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Embed yourself in a rich dialogue about your creative practice in Massey’s transdisciplinary MFA programme for artists and designers. The College of Creative Arts is NASAD approved as Substantially Equivalent.
“The MFA has completely changed my creative practice. Critical thinking is huge. The interdisciplinary aspect is really important to me - I love Wellington. I also love the collaborative ethos at Massey. We all work fabulously together”
(MFA student, 2014, from a fashion design and business background)
The Massey MFA has a strong collective philosophy. By bringing together a small cohort of postgraduate students from design and fine arts, the MFA fosters intense transdisciplinary conversations and exploration. It is well suited to artists working from a hybrid or expanded practice and designers who want to develop adventurous work that challenges convention. The Low Residency mode offers the same intensive transdisciplinary engagement while fitting in with work or family commitments, and is flexible enough to be completed while teaching.
The Massey MFA is a transdisciplinary qualification. As you go through your degree, you can choose whether you want to graduate with an MFA “in Design”, an MFA “in Fine Arts”, or an MFA without endorsement if you believe your work cannot be framed in terms of either discipline. To date, we have had students whose undergraduate training is in fashion design, photography, textile design, industrial design, graphic design, and fine arts.
The Massey MFA has been awarded ‘substantial equivalency’ status by the US National Association of Schools of Art and Design, putting it on a par with similar degrees from many leading US universities.
Massey’s College of Creative Arts is ranked in the top 100 by QS University rankings, and the Wellington School of Design is ranked Number 1 in Asia–Pacific for design concept by Red Dot.
We have the most top-ranked researchers in design, visual arts and craft in New Zealand, based on the 2018 Performance Based Research Funding round.
Although the norm in the United States, an advanced two year MFA is rare in Australasia. The Massey MFA is an intensive commitment, which we believe is required to develop a fully realised body of creative work. The first year (full-time) offers students the freedom to ‘travel’, creatively-speaking. Students dig deep, interrogating the fundamentals of their practice. There is no pressure at this point to produce fully resolved work; students are expected to push their work in new directions and explore the possibilities in their ‘failures’ as well as their ‘successes’. By the second year (full-time), most students are demonstrating a much deeper, critically informed sense of who they are as creative practitioners and carry that into their final thesis project.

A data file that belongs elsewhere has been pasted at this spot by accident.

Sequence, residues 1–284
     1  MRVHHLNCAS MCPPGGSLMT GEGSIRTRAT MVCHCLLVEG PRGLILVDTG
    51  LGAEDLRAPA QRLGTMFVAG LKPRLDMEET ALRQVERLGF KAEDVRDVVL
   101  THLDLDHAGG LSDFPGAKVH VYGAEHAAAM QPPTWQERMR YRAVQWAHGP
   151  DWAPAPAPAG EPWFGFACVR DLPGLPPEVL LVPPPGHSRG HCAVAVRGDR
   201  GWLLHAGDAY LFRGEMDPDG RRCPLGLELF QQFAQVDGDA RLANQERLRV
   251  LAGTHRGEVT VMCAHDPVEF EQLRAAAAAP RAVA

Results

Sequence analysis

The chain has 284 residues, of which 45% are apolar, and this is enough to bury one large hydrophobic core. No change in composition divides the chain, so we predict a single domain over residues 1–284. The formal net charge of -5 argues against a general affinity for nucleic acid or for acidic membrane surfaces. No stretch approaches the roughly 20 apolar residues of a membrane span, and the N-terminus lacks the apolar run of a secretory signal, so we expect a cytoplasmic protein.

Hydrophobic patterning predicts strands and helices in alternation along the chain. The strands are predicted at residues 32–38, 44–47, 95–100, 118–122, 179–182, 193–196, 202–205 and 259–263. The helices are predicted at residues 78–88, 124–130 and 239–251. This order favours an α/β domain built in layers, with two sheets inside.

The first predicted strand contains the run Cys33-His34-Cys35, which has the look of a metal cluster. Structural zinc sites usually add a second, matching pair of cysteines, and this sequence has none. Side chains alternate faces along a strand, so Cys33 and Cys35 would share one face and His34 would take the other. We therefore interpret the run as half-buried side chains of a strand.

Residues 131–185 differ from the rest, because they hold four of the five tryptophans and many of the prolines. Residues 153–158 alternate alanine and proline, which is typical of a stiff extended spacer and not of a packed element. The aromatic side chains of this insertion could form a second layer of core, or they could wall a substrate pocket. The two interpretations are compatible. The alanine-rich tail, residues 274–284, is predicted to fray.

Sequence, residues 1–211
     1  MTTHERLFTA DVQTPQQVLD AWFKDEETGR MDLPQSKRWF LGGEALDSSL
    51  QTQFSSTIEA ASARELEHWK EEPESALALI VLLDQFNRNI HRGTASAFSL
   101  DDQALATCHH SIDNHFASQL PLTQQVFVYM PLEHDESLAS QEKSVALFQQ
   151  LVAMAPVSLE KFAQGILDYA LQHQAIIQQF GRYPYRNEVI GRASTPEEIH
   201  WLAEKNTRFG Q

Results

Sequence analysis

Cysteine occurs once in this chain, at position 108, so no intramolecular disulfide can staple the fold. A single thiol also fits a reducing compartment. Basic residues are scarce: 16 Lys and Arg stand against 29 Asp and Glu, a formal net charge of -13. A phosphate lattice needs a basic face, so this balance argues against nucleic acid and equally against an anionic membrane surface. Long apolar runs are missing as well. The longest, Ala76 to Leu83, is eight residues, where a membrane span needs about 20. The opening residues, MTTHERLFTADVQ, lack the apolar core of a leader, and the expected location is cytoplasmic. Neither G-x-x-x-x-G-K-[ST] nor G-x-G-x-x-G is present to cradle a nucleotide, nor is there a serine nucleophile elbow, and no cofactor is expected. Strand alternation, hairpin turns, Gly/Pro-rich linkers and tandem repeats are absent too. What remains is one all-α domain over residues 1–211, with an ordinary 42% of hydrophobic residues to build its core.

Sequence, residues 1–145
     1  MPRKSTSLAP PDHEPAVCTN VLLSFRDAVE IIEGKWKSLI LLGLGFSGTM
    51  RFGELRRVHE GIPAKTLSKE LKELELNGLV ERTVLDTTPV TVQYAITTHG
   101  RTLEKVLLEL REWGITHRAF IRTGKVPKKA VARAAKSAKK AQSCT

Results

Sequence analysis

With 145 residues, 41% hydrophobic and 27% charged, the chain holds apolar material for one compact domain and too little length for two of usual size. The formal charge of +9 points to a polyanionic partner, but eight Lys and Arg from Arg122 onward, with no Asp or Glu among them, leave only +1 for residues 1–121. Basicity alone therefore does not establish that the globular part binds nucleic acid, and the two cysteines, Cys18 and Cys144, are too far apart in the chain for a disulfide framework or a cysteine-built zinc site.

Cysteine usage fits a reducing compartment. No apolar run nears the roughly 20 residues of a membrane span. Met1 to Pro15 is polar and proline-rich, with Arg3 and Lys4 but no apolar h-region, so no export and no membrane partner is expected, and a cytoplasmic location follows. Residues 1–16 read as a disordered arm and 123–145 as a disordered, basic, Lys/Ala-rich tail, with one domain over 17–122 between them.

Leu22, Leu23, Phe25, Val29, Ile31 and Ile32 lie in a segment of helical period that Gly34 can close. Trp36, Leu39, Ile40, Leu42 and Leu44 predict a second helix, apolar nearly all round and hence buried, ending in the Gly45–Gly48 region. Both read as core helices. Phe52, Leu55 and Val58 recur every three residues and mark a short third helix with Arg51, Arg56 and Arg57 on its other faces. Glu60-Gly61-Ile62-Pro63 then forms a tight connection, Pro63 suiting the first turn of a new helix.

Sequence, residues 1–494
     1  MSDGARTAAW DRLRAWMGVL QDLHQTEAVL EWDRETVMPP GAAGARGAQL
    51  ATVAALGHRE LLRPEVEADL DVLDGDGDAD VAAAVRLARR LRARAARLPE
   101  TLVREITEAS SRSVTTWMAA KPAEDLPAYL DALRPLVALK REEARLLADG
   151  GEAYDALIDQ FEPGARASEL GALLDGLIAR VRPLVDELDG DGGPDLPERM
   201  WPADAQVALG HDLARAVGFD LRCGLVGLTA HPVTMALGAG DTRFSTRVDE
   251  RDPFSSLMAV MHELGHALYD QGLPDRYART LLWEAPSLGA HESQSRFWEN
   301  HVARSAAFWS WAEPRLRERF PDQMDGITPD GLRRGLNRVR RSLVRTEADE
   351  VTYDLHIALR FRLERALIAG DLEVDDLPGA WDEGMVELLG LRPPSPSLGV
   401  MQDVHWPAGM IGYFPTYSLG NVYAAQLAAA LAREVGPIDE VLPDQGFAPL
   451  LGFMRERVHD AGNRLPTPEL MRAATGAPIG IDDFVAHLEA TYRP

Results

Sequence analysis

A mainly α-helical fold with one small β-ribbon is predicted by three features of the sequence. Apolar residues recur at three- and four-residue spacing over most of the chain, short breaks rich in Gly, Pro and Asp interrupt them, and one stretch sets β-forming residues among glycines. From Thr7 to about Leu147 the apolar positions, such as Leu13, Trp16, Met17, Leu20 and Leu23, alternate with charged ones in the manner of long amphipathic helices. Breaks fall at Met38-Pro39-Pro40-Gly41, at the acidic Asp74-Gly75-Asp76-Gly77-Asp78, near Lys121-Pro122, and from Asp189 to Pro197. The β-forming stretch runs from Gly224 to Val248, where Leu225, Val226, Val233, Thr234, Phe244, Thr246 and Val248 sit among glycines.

The programme is based around seminars and masterclasses led by visiting lecturers and academic staff at the College of Creative Arts, along with regular group critiques and one-on-one meetings with mentors and supervisors.
The MFA also includes:
Some of the things we value: lively debate, criticality, technical virtuosity; social engagement, challenge, metamorphosis, and great food.
Shannon Te Ao completed his MFA in 2015. His artistic output saw him investigating and responding to material drawn from Māori paradigms, testing the implications of alternative creative, social and linguistic models in relation to contemporary video art and other performative practices. Shannon’s work was shown extensively during his MFA, including at the Biennale of Sydney in 2014. Work he created for the biennale, Two shoots that stretch far out, won the Walters Prize in Contemporary Art, 2016.
“If someone were to say that there are still parts of their practice that they want to critically analyse or unpack, and they want to open up a dialogue with people operating at a higher level, I would suggest they take a look, see if Massey is a good fit for them.
“I was talking to other schools, too, but getting to know the faculty here, they all have aspects of their creative practice that intersect with mine. They’ve got an interesting bag of tricks visible in current trends around the world at the moment.”
MFA graduates go on to diverse careers in the private and public sectors, including design, technology, business, fine art, writing and education. A rigorous two-year MFA in design or fine arts is widely respected not only in North America but in countries in Asia, South and Central America and parts of Europe that look to the US model.
The College of Creative Arts has the largest number of internationally ranked researchers in visual art and design of any New Zealand university. All academic staff teaching into postgraduate programmes have significant research profiles. Their areas of expertise include (but are not limited to) memory and memorialisation, photography, zero waste fashion, visual communication, interactive design, curation, interactive music, art criticism, mobile filmmaking, digital and electronic media, Māori visual arts, contemporary sculpture, site-responsive art, experience design and performance. For more information, visit the
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